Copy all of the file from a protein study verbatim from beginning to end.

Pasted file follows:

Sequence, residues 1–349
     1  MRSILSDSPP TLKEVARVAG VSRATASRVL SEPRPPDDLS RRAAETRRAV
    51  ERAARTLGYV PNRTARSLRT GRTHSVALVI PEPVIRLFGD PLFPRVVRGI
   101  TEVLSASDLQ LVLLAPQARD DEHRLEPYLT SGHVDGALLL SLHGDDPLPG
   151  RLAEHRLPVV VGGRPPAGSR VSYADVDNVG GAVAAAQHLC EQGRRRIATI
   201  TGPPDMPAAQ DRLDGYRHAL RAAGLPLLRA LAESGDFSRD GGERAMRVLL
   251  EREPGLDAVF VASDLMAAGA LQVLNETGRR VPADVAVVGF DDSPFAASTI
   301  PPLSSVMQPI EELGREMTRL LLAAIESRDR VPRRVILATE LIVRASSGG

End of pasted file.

Sequence, residues 1–349
     1  MRSILSDSPP TLKEVARVAG VSRATASRVL SEPRPPDDLS RRAAETRRAV
    51  ERAARTLGYV PNRTARSLRT GRTHSVALVI PEPVIRLFGD PLFPRVVRGI
   101  TEVLSASDLQ LVLLAPQARD DEHRLEPYLT SGHVDGALLL SLHGDDPLPG
   151  RLAEHRLPVV VGGRPPAGSR VSYADVDNVG GAVAAAQHLC EQGRRRIATI
   201  TGPPDMPAAQ DRLDGYRHAL RAAGLPLLRA LAESGDFSRD GGERAMRVLL
   251  EREPGLDAVF VASDLMAAGA LQVLNETGRR VPADVAVVGF DDSPFAASTI
   301  PPLSSVMQPI EELGREMTRL LLAAIESRDR VPRRVILATE LIVRASSGG